Chong-Shu Zhu 1, Jun-Ji Cao 1,2, Zhen-Xing Shen3, Sui-Xin Liu1, Ting Zhang1, Zhu-Zi Zhao1, Hong-Mei Xu1, Er-Ke Zhang4

  • 1 Key Laboratory of Aerosol, SKLLQG, Institute of Earth Environment, Chinese Academy of Sciences, Xi’an, China
  • 2 Institute of Global Environmental Change, Xi’an Jiaotong University, Xi’an, China
  • 3 Department of Environmental Science and Engineering, Xi'an Jiaotong University, Xi'an, China
  • 4 Northwest Supervision Center, Ministry of Environmental Protection, (null), China

Received: January 4, 2012
Revised: March 7, 2012
Accepted: March 7, 2012
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Cite this article:
Zhu, C.S., Cao, J.J., Shen, Z.X., Liu, S.X., Zhang, T., Zhao, Z.Z., Xu, H.M. and Zhang, E.K. (2012). Indoor and Outdoor Chemical Components of PM2.5 in the Rural Areas of Northwestern China. Aerosol Air Qual. Res. 12: 1157-1165.



A case study of indoor and outdoor fine particles (PM2.5) was undertaken for rural areas in northwestern China, and quantitative data was obtained on their chemical composition including carbon fractions, water soluble ions, and elements. OM (organic matter), sulfate, and geological material dominated PM2.5, followed by nitrate and ammonium, which accounted for 78–85% of the mass for indoor and outdoor environments. The variations of the carbon fractions indicated that four OC factions and EC1 were more abundant in winter than in summer. SO42− contributions were the highest of the ionic species for indoor and outdoor environments (about 40% of total ions in winter and 53% in summer), followed by NO3 (about 23% in winter and 14% in summer). The integrated results from the ratios of K+/OC, K+/EC, and as well as the EF (enrichment factor) values for K, Cl, S and Pb, indicate that the biofuel contributions were significant in the rural area. The indoor/outdoor ratios and correlations of the components were also investigated. The results for the indoor and outdoor PM2.5 sources showed that biomass burning in summer was the dominant primary source (31% for indoor and 44% for outdoor), and those for winter were coal combustion (21% for indoor and 29% for outdoor) and biomass burning (24% for indoor and 16% for outdoor). Due to the local patterns of energy consumption, the discussion presented in this work could give implications for future strategies to improve rural air quality.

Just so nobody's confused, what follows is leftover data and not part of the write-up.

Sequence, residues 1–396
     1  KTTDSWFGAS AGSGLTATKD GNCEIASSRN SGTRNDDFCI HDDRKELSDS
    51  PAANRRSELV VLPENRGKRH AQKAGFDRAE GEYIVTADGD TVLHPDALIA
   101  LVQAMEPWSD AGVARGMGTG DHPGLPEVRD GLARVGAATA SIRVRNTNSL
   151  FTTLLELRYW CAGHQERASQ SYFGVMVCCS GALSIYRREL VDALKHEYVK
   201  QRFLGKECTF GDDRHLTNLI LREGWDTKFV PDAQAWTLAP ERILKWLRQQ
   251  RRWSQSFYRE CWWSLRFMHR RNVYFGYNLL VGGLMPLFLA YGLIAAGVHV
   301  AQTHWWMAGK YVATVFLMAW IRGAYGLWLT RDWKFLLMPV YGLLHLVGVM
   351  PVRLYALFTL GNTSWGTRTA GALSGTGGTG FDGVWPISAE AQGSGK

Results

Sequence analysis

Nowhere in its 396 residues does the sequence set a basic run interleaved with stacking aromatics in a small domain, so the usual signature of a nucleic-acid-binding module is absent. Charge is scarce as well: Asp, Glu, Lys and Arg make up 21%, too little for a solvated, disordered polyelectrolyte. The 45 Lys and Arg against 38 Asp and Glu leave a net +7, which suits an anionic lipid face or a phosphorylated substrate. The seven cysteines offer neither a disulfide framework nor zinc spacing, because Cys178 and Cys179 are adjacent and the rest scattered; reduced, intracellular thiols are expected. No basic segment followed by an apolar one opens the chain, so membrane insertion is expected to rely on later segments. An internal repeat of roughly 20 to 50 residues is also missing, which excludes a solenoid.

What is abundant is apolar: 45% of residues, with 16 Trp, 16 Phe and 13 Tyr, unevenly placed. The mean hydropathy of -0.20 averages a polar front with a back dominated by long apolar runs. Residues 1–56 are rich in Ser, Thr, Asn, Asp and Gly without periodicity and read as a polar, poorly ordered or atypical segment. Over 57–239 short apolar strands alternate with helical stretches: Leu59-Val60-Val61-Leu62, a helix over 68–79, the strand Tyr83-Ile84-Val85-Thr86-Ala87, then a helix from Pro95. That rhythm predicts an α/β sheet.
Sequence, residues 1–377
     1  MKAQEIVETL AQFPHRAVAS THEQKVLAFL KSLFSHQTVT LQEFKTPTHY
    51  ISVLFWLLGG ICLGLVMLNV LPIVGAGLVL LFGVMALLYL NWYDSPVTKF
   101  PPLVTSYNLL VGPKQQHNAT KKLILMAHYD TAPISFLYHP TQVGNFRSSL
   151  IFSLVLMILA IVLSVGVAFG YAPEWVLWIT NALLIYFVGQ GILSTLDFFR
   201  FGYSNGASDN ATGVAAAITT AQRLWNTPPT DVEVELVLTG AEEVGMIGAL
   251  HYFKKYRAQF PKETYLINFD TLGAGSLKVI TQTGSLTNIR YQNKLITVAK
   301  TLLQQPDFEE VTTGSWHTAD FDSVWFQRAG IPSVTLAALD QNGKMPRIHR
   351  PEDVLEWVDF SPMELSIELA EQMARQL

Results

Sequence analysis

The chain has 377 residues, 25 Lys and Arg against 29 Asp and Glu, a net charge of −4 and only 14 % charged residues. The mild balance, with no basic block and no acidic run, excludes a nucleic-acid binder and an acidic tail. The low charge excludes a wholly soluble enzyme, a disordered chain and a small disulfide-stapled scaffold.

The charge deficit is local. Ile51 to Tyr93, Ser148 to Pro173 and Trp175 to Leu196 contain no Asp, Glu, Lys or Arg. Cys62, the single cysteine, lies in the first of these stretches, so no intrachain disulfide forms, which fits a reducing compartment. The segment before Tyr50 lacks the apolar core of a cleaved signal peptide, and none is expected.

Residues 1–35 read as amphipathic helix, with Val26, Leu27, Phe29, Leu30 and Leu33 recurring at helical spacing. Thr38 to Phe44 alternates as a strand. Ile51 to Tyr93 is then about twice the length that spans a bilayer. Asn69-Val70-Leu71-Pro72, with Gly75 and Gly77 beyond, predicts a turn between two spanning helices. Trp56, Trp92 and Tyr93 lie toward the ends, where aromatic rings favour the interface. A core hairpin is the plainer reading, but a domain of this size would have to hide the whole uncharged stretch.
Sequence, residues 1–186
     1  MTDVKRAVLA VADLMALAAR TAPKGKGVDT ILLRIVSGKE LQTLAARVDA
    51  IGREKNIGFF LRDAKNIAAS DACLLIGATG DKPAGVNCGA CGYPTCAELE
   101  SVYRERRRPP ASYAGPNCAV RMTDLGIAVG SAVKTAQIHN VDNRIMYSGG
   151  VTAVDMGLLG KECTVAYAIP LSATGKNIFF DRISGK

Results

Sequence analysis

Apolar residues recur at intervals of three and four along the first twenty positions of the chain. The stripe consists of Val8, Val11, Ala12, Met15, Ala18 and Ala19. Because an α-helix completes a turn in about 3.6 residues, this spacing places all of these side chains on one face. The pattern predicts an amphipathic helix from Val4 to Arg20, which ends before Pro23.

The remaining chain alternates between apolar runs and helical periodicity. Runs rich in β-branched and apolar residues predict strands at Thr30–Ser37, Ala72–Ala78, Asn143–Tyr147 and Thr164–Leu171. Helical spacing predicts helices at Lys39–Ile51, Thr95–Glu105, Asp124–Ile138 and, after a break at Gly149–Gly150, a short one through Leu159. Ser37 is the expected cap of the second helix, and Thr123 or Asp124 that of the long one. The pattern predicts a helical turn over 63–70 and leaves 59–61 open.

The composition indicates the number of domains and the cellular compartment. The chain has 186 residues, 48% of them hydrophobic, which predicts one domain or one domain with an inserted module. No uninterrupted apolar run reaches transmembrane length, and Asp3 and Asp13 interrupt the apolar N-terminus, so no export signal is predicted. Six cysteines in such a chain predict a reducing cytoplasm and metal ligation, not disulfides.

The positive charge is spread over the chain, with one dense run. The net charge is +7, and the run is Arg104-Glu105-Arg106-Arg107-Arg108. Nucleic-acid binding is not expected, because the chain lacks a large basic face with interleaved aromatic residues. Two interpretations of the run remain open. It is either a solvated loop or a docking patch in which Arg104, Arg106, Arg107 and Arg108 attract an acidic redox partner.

Keywords: Fine particles; Northwestern China; Rural area; Chemical components

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